The end of speculation, the beginning of something new

CuriosityOn Monday 3rd December, NASA provided an update on the Mars Science Laboratory’s (MSL) most recent findings in analysing soil samples gathered from the “Rocknest” region of Gale Crater on Mars.

As reported last time, the findings had been the subject of intense media speculation for almost two weeks after radio reporter Joe Palca over-egged relatively innocent comments made by MSL’s Principal Investigator John Grotzinger concerning the initial soil analysis results received from the SAm Analysis at Mars suite of instruments while the reporter was setting-up and testing his recording equipment for an interview on November 20th. In his subsequent broadcast, Palca was unable to resist couching Grotzinger’s comments in terms of something “earth-shaking” having been found.

Had Curiosity found evidence of organics in just its first soil sample? Had Curiosity found evidence of past life on Mars? Had Curiosity found life on Mars? The questions and speculation seemed to grow with each passing day. Not even a firm, but low-key statement put out by NASA on the 26th November stopped the speculation growing, forcing them to issue a very strongly worded press release on the matter on November 29th and use Curiosity’s “Twitter personality” team to underline the fact that no organics had been found in a series of tweets the same day.

MSL Principal Investigator John Grotzinger

MSL Principal Investigator John Grotzinger

The rumour-mill had been fuelled in part by the fact that NASA planned to give an update on the first four months of the MSL mission at the fall meeting of the American Geophysical Union (AGU), with some believing the space agency would only do so if they had something “major” to announce about the mission. The fact that NASA has regularly attended AGU meetings in the past to provide updates on missions  – including Curiosity’s predecessors, the Mars Exploration Rovers, seemed to escape people’s notice…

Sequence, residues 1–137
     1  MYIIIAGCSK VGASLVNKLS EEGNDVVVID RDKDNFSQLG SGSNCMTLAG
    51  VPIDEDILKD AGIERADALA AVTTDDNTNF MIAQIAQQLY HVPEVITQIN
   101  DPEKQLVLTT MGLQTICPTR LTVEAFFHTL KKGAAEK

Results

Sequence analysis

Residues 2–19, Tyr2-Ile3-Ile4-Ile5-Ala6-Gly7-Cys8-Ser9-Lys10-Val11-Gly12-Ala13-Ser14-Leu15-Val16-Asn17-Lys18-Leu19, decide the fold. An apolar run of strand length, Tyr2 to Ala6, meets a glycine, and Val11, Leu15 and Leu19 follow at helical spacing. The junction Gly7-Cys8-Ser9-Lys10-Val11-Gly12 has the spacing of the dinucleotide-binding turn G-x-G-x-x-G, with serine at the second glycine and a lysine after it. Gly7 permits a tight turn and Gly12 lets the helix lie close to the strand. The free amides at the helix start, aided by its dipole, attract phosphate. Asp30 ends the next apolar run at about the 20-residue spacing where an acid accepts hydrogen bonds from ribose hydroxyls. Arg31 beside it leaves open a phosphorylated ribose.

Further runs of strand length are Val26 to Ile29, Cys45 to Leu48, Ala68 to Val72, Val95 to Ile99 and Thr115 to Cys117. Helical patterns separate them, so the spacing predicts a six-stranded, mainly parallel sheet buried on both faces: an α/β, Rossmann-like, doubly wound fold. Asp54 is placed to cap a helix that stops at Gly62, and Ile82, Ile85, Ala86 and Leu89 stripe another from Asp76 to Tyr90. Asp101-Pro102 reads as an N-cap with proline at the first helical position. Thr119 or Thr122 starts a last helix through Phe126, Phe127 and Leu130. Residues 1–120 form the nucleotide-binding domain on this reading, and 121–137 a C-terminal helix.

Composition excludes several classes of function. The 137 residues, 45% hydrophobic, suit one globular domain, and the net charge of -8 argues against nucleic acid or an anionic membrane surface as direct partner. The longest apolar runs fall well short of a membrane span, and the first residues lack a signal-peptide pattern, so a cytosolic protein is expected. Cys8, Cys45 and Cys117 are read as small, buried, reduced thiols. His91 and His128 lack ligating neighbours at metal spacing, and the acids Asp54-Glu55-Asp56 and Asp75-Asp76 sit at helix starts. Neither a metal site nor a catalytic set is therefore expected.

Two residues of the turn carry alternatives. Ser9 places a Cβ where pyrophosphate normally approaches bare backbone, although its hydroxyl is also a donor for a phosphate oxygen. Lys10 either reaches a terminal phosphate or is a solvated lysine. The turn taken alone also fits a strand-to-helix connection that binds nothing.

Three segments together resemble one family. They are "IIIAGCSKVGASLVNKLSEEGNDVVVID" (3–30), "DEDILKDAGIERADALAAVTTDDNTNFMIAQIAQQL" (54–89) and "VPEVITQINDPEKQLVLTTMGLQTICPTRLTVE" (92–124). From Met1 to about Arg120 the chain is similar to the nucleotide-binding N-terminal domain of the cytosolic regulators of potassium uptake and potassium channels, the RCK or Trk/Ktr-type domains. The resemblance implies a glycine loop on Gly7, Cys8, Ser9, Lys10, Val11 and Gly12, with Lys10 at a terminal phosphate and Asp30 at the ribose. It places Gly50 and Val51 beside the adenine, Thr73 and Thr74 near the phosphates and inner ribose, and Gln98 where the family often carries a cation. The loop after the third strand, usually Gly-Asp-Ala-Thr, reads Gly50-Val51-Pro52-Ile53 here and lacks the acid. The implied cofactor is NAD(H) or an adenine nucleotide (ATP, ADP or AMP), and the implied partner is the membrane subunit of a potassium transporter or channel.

And the Findings Are….

An update was given at the AGU on Monday December 3rd, with NASA summarising them in a press briefing for those unable to attend the live meeting. While the results are not “earth-shaking”, they are nevertheless interesting.

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A Mars Hand Lens Imager (MAHLI) image of the third (left) and fourth (right) trenches made by Curiosity’s 4 cm-wide scoop. Acquired on Sol 84 (Oct. 31, 2012) the image shows details of the properties of the “Rocknest” sand dune. The upper surface is covered by crust of coarse sand grains approx. 0.5 to 1.5 mm, mantled with fine dust, giving it a light brown/red colour. The crust is about 0.5 cm thick and beneath it is finer, darker sand. The left end of each trough wall shows alternating light and dark bands, indicating that the sand inside the drift is not completely uniform. This might be due to different amounts of infiltrated dust, chemical alteration or deposition of sands of slightly different colour.

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